Many people think about the term “compensation” as the pay or salary they receive for the work they do for an organization. As part of our employee experience, we use the term “total rewards”, because our approach is to consider all the things an individual receives as part of the rewards infrastructure for their role. This includes not only monetary compensation, but also benefits, perks and career development initiatives, to name a few.
It’s key to remember that a rewards program is meant to encourage employee retention and motivation, and it’s also an ever-evolving conversation between managers and their team members.
Ceridian looks at total rewards more broadly than many organizations we have seen to date. Rewards are not just the tangible things; they are about working with people to make them well-rounded employees. Part of that is obviously the monetary pieces like salary and bonuses, but it’s also the perks like the service milestone programs, flexibility in the workplace, and time away from work. At Ceridian, we offer programs like education in financial wellness, student loan replacement and well-being engagements, all of which are part of the total rewards experience. Our focus is to help employees be smarter about their overall well-being and provide them with multiple avenues to achieving their goals.
Our philosophies around rewards developed organically. There wasn’t a massive initiative to fundamentally change our philosophy about what compensation means. We listened to our people. We asked the questions we wanted to truly know the answers to and then began creating experiences that aligned with the desires of our people. In addition, we engaged our leaders to educate them on what “total rewards” really means. We asked for their assistance in changing the conversation to focus more on the holistic approach versus just speaking about salary and bonus. What occurred was a natural transformation and one that was driven by our people, not forced upon them.
Our total rewards experience focuses on people who are contributing – to the company, their peers and their customers – and who are influencing others in the organization. That’s a big change from rewarding people based on a performance score, which we all know is highly subjective and lacks the impact it was designed to have initially.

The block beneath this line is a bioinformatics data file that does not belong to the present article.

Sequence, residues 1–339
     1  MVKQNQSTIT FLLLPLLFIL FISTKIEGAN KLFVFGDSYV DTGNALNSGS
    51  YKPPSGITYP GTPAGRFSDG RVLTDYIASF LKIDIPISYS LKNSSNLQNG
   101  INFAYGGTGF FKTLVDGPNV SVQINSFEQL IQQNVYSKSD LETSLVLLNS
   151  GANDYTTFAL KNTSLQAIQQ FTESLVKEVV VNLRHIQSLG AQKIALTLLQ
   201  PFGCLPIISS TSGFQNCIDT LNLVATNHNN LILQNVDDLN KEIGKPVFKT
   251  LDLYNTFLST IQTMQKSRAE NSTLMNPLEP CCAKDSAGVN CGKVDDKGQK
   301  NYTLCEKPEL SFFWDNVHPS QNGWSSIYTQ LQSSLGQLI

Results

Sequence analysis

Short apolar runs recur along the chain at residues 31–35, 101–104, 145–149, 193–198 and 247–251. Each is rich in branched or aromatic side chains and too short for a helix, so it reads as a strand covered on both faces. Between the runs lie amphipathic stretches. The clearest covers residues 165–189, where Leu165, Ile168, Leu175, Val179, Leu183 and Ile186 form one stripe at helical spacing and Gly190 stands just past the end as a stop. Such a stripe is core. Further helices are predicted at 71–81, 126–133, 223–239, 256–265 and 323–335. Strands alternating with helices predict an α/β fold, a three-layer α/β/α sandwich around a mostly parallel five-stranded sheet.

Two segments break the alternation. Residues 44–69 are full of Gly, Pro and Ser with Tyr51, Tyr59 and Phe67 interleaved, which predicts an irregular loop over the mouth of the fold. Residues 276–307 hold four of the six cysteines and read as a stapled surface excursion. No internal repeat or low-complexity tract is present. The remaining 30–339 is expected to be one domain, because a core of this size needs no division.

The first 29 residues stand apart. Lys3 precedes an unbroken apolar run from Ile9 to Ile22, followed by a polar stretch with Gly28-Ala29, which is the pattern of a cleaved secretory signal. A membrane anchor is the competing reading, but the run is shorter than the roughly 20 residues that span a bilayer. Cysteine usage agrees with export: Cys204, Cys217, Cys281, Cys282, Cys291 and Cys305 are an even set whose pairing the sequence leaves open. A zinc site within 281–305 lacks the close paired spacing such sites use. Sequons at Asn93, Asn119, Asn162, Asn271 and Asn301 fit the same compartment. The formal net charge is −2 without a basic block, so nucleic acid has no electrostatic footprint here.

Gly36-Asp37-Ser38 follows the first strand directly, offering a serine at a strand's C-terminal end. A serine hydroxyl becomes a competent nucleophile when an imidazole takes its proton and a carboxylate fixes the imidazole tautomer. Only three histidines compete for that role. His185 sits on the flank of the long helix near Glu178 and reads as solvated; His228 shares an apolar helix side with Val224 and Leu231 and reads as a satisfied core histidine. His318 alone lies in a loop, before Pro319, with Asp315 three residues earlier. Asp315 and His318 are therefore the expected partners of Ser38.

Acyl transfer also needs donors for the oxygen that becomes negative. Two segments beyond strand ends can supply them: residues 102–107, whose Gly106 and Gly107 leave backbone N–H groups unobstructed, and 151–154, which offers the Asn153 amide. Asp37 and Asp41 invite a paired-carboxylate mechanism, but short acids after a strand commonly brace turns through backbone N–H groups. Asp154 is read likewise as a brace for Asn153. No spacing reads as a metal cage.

We’ve also helped our leaders move from managing via the theory of performance to understanding contribution and influence by giving them several tools and working with them to define what they should be recognizing. One of the tools we use is LifeWorks – our global employee recognition and engagement platform that empowers everyone from managers to peers to recognize employee contributions. The recognition can help leaders know who the influencers are, and help them make rewards-related decisions.
We also removed our pay for performance model, completely separating our performance development conversations from our compensation decisions. That has empowered leaders to really understand and reward those employees who earn it.
One of the questions frequently asked is how to create a program that is equitable for everyone, whether they’re salaried or hourly, or employed full- or part-time. Part of developing a global total rewards program is understanding it’s not one-size-fits-all. People appreciate and value personalized experiences as long as the objectives and outcomes remain consistent and they feel rewarded for their contributions. Ceridian addresses this is in part by being focused on creating a global experience with personalization for different types of roles.
The very nature of work is changing due to innovation, digitization and new definitions of work-life blend, so looking to the future, total rewards programs make sense. A broader, holistic approach to rewarding employees encourages engagement and retention, and can be empowering for all people. Additionally, making it part of an on-going conversation encourages transparency between employees and their leaders, and allows the organization as a whole to adapt quickly to marketplace changes, and remain relevant for the long-term.